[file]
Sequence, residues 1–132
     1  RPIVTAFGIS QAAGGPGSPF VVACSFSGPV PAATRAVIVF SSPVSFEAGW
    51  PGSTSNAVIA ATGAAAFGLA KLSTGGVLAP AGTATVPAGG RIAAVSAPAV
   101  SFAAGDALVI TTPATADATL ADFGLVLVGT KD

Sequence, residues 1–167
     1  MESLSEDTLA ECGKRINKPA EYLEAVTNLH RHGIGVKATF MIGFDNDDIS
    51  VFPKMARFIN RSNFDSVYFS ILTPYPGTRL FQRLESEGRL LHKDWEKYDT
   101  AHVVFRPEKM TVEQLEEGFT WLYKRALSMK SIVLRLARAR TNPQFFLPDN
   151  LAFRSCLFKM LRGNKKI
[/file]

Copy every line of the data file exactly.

Sequence, residues 1–132
     1  RPIVTAFGIS QAAGGPGSPF VVACSFSGPV PAATRAVIVF SSPVSFEAGW
    51  PGSTSNAVIA ATGAAAFGLA KLSTGGVLAP AGTATVPAGG RIAAVSAPAV
   101  SFAAGDALVI TTPATADATL ADFGLVLVGT KD

Sequence, residues 1–167
     1  MESLSEDTLA ECGKRINKPA EYLEAVTNLH RHGIGVKATF MIGFDNDDIS
    51  VFPKMARFIN RSNFDSVYFS ILTPYPGTRL FQRLESEGRL LHKDWEKYDT
   101  AHVVFRPEKM TVEQLEEGFT WLYKRALSMK SIVLRLARAR TNPQFFLPDN
   151  LAFRSCLFKM LRGNKKI